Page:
Scientists and cartographers at Yale University have decided once and for all that the Vinland Map, purportedly showing Norse settlements in North America in 1440, half a century before Columbus, is a fraud.
For one thing, they have determined that the ink used on the map contains a titanium compound that wasn’t invented until the 1920s. For another, the map is just too good, the coast too detailed, for even expert seamen like the Vikings to have charted in 1440. Finally, seamen didn’t use maps to navigate back then anyway; navigation details were passed on largely by word of mouth.
“The Vinland Map is a fake,” said Raymond Clemens, curator of early books and manuscripts at the Beinecke Rare Book and Manuscript Library at Yale in a statement from the university. “There is no reasonable doubt here. This new analysis should put the matter to rest.”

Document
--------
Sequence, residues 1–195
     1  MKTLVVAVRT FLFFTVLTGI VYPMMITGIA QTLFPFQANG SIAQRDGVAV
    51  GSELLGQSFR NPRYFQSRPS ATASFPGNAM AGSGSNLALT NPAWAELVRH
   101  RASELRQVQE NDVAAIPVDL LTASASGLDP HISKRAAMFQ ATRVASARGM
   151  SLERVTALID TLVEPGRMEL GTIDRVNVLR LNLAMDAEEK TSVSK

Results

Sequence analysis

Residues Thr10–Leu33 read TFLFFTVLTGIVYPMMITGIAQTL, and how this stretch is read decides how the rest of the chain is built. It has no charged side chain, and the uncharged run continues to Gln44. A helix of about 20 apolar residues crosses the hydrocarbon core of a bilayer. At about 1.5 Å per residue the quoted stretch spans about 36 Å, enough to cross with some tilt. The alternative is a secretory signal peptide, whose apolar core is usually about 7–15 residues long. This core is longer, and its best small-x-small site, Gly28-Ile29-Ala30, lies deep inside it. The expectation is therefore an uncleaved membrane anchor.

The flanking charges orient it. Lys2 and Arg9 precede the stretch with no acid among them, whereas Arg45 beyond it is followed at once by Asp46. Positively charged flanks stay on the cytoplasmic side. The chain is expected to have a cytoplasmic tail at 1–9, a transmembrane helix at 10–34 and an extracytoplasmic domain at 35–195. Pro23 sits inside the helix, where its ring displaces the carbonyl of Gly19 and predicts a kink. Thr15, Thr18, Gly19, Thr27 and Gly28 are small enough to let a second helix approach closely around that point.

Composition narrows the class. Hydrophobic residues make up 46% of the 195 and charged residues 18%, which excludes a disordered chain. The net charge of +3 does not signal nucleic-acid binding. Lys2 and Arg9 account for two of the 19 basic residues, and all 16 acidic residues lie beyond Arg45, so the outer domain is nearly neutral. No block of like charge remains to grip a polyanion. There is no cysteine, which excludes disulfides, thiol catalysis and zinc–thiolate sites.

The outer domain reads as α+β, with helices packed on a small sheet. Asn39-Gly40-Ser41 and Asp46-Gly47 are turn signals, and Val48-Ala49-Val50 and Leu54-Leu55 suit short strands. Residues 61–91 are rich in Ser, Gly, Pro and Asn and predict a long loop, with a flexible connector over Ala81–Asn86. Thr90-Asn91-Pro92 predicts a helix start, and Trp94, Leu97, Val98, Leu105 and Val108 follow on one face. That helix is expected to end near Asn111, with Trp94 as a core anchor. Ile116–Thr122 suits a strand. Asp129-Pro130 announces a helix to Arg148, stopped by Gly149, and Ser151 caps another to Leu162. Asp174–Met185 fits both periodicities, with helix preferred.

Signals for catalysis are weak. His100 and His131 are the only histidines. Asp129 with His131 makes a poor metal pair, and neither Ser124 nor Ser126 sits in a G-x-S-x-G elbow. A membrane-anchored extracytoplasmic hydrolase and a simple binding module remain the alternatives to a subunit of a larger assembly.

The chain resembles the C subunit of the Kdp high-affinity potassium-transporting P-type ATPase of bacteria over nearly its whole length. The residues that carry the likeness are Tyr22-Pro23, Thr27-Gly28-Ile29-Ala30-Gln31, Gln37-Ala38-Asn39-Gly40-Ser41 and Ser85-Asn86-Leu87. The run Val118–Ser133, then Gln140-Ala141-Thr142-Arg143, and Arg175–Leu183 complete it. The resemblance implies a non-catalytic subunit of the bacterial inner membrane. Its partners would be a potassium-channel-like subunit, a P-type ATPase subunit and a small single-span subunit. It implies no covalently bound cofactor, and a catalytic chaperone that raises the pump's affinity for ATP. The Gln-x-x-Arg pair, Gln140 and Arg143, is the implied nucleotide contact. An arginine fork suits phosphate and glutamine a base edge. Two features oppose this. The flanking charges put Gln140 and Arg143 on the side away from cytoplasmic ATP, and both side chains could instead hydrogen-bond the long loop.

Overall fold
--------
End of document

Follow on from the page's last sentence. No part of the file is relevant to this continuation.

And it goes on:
What we know about the map is that Laurence Witten, an antiquarian in New Haven, Connecticut, acquired it from an unnamed source in Europe in 1957. Witten then sold it to Paul Mellon, the philanthropist, who gave it to Yale in 1965.
At that time, some scholars said it was a medieval treasure that showed evidence of the Viking explorations in North America. The curator of maps at Yale then said it was an “amazingly accurate” rendering of Greenland. But others raised doubts about its authenticity; the parchment didn’t seem right for 1440, and the map was simply too good.
Some said it was the work of an artist looking at a 20th century map. Gisli Sigurdsson, a professor of Norse studies at the Arni Magnusson Institute in Iceland, said that the Greenland on the map “is so close to the real Greenland, it’s hard to believe anyone in the Middle Ages would have drawn a map like that.”
Now Yale wants to put the entire matter to rest. “Objects like the Vinland Map soak up a lot of intellectual air space,” said Clemens, the Beinecke curator. “We don’t want this to continue to be a controversy.” Read more: